She swallowed hard, fighting back tears. Her recurring nightmare was Ezra being murdered in the course of some con or scheme of Maude’s and today’s events had brought that nightmare to the forefront.
Taking a shaky breath, she clenched her fingers into her palms. “Very well, Captain. You shall speak to Ezra.”
Charlotte pulled the lap furs tighter around Ezra. It was now well after dark and the air had taken on the chill of threatening snow. Soon they would be home, and Charlotte wanted nothing more than her fireplace and a stiff drink. Wrapping her arm around his shoulder, she pulled him close, resting her check on the top of his head. “I love you, Ezra.”
“You aren’t cross with me?” He took her hand under the furs, holding it in a fast grip.
“No, dearest; I was just scared. I think Captain Gregg explained that to you, did he not?”
Good to his word, Gregg had taken Ezra aside and had had a serious man to man talk with him. It seemed to her afterwards that it had made an impression on Ezra, and for that she was grateful. Maybe the incident had been a blessing in disguise; she had often thought Ezra needed a male influence in his life. In the end, she could hold no animosity towards the captain and had told him as much. He had been relieved, kissing her hand and taking his leave, all forgiven.
“Uh huh.” He leaned against her. “Are you still scared, Cousin Charlotte?”
“Maybe just a wee bit,” she admitted. “I just worry about you so. I can’t help it.”
“I promise I’ll be careful.”
“I know you will.” She squeezed his hand. “Always remember to think every situation through, Ezra. Know where you are, who is around you, and never assume anything. Oh, and always know where the exits are,” she added with a smile. “You will find that is advice that will serve you well even as an adult.”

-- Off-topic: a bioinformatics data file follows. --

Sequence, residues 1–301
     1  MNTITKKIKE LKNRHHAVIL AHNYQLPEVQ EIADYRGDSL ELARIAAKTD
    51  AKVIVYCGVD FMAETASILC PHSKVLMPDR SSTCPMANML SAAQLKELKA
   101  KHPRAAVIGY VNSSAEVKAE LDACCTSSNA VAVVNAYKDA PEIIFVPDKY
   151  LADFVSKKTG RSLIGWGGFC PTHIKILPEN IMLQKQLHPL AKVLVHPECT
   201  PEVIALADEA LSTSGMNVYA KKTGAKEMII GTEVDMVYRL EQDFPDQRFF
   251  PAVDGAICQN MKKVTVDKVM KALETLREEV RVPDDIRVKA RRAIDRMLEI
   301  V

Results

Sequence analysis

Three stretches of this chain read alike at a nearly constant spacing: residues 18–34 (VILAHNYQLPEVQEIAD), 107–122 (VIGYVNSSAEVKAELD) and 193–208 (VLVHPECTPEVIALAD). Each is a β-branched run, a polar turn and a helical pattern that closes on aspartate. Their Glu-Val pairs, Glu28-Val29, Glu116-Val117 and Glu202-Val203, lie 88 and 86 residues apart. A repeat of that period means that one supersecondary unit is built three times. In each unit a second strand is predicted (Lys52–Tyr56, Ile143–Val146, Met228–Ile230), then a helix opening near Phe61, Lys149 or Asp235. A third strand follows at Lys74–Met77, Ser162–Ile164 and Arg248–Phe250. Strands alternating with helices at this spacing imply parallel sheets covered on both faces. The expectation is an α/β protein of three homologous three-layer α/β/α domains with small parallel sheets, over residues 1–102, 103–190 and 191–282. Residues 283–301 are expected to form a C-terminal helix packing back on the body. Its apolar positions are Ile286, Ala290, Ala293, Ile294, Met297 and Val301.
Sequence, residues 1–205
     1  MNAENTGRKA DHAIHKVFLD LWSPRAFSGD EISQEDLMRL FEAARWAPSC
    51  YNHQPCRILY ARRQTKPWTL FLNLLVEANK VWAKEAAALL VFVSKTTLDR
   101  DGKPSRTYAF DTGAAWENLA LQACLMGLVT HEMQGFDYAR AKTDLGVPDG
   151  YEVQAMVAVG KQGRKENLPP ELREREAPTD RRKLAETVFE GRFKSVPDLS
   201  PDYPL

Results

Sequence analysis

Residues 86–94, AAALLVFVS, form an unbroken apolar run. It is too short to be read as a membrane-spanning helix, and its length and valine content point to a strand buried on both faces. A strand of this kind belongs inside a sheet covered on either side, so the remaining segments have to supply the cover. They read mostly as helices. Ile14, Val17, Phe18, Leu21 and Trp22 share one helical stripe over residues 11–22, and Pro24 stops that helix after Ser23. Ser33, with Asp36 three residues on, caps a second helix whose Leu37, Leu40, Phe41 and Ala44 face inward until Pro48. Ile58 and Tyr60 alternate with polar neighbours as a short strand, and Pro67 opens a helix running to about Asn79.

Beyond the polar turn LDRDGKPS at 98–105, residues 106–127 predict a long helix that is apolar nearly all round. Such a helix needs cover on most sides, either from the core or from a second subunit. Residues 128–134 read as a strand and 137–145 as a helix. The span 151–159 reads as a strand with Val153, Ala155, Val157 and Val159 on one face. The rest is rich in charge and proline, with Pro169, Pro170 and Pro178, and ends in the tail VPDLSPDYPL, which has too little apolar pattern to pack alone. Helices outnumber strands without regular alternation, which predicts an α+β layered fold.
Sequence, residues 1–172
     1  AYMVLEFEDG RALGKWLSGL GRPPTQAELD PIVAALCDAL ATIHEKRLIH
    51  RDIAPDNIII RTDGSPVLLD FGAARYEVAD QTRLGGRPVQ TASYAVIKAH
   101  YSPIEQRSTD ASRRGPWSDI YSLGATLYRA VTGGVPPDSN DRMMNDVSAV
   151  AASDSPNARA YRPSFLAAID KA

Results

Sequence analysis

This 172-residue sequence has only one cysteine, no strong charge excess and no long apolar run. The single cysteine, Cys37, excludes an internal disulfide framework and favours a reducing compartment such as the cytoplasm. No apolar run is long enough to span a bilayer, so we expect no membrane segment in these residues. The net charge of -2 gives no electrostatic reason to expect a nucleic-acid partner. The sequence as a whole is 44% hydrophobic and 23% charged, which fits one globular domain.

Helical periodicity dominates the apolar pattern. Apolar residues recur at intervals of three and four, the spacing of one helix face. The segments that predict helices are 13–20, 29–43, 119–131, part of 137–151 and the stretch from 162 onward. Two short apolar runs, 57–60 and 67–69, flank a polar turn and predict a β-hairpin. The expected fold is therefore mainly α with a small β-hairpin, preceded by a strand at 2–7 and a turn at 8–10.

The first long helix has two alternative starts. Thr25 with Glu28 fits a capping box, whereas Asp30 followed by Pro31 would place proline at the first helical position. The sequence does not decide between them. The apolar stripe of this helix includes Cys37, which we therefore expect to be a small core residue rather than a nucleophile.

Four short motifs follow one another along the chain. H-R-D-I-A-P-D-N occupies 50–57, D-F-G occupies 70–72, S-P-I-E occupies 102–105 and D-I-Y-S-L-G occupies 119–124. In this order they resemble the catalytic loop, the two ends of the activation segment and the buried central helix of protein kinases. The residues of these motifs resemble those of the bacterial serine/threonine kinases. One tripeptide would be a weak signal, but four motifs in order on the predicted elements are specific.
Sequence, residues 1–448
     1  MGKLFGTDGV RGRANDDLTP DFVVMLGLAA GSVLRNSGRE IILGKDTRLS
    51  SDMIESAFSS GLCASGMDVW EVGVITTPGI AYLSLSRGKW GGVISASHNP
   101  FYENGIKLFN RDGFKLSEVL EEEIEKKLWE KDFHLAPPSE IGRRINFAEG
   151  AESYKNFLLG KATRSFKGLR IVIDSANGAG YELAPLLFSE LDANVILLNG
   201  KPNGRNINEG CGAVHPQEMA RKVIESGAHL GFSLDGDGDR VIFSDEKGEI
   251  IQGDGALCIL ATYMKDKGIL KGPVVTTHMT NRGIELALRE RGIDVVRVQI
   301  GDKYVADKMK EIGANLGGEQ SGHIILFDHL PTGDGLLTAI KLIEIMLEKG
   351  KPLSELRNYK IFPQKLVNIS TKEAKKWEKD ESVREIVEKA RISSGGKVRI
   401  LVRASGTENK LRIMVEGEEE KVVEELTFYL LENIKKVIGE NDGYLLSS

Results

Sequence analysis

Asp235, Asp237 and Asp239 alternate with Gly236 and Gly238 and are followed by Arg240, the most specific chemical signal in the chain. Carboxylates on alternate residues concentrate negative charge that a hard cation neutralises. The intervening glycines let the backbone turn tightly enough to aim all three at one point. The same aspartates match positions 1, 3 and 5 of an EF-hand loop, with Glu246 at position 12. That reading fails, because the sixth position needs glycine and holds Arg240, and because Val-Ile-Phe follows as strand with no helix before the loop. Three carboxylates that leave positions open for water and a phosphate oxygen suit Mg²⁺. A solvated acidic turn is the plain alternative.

He giggled. “You sound like mother.”
Charlotte sniffed. “Yes, well your mother and I are in complete agreement when it comes to looking out for oneself."
"Sometimes, I think I'll never be a grownup," he lamented.
"Believe me; adulthood shall come all too quickly, dearest. Enjoy being a child while you can because it is time you will cherish when you are my age."
"But if I were a man, mother wouldn't leave me behind and I could be with her always." There was a plaintive note to his voice that made Charlotte's throat catch. But she had no comfort to offer him, not really.
Oh, how she wished that fate had dealt a different hand, that she could have been Ezra's mother. But that love would always be reserved for Maude. As it should be, she reminded herself sternly. All Charlotte could ever be was an inadequate surrogate. Pushing back the melancholy and self-pity that threatened to overwhelm her, she finally said, "I miss her too, child." And she did. Maude was like a sister to her; a vexing, vain and frequently self-absorbed one to be sure, but family for all that.
The two sat in silence, the sound of the horses, hooves clip clopping against the road, and the wind blowing past them, the only sounds. Charlotte wondered where in the world Maude was and when she would return to the family that loved her, and to the son who needed her.